Month: January 2011

Eyelash extensions on Portland’s MLK Boulevard –

There are at least two places on the boulevard where you can get eyelash extensions, something I hadn’t at all thought of, or heard anything about, until I saw this sign -

-out in front of LA Nails, 6804 NE MLK (next to Enaysha Salon, on the corner of MLK & Dekum):

The folks are LA Nails are using a product called Reese Robert lash extensions. From the Robert Reese website:

Long, full, healthy lashes are as intrinsic to maintaining a youthful look as flawless skin and rested eyes. With Reese Robert lash extensions there is no need to cover your natural beauty with layers of make up. Reese Robert lash extensions create a thicker base and longer individual lashes creating an open-eyed, rejuvenated look.

The lash extensions last from four to six weeks making it easy to wake up in the morning looking refreshed and ready to go. With Reese Robert lash extensions a little lip gloss and blush goes a long way. Even while exercising or swimming these lash extensions will keep eyes looking fabulous.

It is nice to hear that lash extensions reduce the need for using make-up on other parts of the face. Reese Robert features a whole slew of lash styles, including ones named Disco Dreamer, Vavoom, Toxic (!), Been Around, Nobodys Sister, Eye Candy, Fake It, and many more.

A person who seeks lash extensions might also head to Midori Lashes & Skin Care, at 4839 NE MLK, Suite 201 (above the P.A.C.E. Fitness Center).

According to Midori’s website,

Midori is an award winning professional aesthetician who has been perfecting her trade for 15 years. Her primary goal and philosphy revolves around you the customer. She believes in providing the highest quality products and services at affordable prices. Midori’s skills and expertise were initially learned and perfected in Japan; where she managed a busy salon for 9 years.

This passion, professionalism, and love of the field is what makes Midori unique from other salons. You can rest assured that you will only receive the best products and services with Midori Lashes & Skin Care.

A review of Midori on yahoo tells us:

Midori is just a sweet, well trained professional. The salon is boutique like, very well designed and in a good spot on MLK. I have gotten so many comments on how well my lashes were done by beauticians and other lash experts.

Midori notes that an ‘eyelash extension consultation’ is free.  The first full set of lashes costs $150, with touch-ups running $30-60.  In the event you are wondering exactly how lash extensions are applied, Midori breaks down the process for you into easy-to-understand steps, on her site.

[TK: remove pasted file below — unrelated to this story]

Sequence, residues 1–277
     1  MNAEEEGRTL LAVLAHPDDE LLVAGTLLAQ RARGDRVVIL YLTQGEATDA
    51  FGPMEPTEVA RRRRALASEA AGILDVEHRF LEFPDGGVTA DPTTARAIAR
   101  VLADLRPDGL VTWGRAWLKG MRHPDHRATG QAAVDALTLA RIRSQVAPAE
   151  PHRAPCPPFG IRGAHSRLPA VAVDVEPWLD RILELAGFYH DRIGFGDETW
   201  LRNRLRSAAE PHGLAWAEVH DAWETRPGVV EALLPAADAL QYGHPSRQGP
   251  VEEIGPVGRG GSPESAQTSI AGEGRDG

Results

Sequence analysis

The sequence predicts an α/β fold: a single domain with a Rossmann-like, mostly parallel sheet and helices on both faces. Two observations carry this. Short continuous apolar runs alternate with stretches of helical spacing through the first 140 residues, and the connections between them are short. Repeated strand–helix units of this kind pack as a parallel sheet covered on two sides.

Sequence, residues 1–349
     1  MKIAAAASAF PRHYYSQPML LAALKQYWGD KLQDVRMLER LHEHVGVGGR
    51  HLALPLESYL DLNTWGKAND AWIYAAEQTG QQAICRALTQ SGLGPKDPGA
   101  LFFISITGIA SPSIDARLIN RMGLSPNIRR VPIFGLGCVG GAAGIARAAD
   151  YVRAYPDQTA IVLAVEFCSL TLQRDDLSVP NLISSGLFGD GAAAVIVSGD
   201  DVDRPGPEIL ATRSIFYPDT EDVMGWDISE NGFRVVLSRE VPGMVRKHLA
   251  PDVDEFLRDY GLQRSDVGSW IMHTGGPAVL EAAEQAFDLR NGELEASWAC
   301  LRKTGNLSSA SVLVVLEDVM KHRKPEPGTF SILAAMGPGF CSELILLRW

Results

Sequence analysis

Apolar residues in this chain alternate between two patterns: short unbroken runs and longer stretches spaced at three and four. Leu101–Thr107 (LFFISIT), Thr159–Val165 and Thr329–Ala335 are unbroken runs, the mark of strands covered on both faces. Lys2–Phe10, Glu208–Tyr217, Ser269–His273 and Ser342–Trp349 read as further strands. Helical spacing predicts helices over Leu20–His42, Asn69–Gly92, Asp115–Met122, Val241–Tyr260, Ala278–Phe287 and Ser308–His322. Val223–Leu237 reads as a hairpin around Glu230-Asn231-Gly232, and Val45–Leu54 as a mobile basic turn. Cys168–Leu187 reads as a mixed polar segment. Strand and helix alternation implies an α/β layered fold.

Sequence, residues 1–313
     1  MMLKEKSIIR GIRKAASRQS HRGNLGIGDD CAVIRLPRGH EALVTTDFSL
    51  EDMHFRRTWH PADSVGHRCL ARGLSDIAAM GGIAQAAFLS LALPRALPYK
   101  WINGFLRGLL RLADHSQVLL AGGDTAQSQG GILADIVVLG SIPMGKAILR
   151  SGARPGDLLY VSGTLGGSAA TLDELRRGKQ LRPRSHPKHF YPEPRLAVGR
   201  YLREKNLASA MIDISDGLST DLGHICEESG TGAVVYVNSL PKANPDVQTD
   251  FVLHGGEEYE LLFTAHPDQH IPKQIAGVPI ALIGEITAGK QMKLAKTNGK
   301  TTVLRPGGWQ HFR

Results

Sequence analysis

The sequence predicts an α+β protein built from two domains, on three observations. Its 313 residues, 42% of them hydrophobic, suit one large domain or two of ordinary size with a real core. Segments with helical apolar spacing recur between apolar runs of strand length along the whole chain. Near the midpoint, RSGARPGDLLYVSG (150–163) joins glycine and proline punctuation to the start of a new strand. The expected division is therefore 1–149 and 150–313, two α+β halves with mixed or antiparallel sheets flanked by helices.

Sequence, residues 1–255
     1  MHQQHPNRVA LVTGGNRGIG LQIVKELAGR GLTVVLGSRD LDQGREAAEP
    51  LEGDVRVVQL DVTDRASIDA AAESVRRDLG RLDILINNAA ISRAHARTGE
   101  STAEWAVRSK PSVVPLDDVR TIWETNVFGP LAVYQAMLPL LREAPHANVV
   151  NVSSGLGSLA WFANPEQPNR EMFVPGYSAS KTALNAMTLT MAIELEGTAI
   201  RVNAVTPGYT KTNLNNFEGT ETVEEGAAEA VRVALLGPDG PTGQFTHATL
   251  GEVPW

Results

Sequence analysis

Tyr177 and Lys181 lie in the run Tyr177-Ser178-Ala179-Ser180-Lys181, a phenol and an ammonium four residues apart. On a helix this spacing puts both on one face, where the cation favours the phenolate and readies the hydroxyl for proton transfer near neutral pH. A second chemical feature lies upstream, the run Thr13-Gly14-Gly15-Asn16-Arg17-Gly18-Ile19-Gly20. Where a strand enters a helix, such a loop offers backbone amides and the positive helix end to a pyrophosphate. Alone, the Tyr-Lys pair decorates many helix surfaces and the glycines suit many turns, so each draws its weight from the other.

A couple of thoughts on eyelash extensions gathered through the magic of Bing:

Tiffany says: Another danger is the eyelashes are very addictive. You feel naked without them and needy of a refill every 6 weeks or so. So, you better think twice before going for it.

A USA Today article quotes: “They give the eyes an instant lift, with no needles or injections,” says Glamour beauty writer Tram Kim Nguyen. “You can roll out of bed looking great.”

 

Well… what do you think of lash extensions?

 


Food carts at MLK & Lombard: a mini-review.

I finally made it down to the food carts at the intersection of MLK & Lombard recently. There are five carts on this lot now.

  • Don Pedro’s Mexican:

Don Pedro has the misfortune to be across the street from a Taco Bell.

 

  • Stevie’s Chicken and Waffles (or Wafflles, depending on where you’re looking):

According to a flier that Stevie handed me, the waffles “are made with Stevie’s Secret Recipe, using Colt 45 – Works Every Time!” He also has vegan waffles; a blizzard of chicken and waffles dishes, including The Billy Dee (1/4 chicken, one waffle, and a side of grits); deep fried twinkies, and more.

Waffle toppings include maple syrup, Nutella, honey, mallow fluff, and agave syrup.You can phone in an order at 610-202-3559.

 

  • Thai Take Away:

This is the only cart I’ve gotten food from yet. In fact, all of the people at the lot were getting food from this cart only, when I stopped by. I had reasonably tasty Pad Thai – good for a meal on the go,  but not a meal I’d go out of my way for. Thai’s hard to come by near that intersection, though.

 

  • Sweet Street Bar-b-que:

 

  • Philly’s Best:

I grew up in and around Philadelphia, but I’ve never been big on beef or pork, so I’m going to have to rely on other folks to report on this cart’s food.

Who can say how long any of these carts will stay at MLK/Lombard? A few weeks ago, the Willamette Week reported on Cartpocalypse (really, Cartastrophe would’ve been a much better name for this piece – why drag in the mystical aspects of an apocalyptic ending to the food cart bonanza?).  The article quotes cart-ier Gregg Abbott: “As many carts from the east side that can find a spot downtown, are going to find a spot downtown.”

(See the next post below for more photos from this food cart lot.)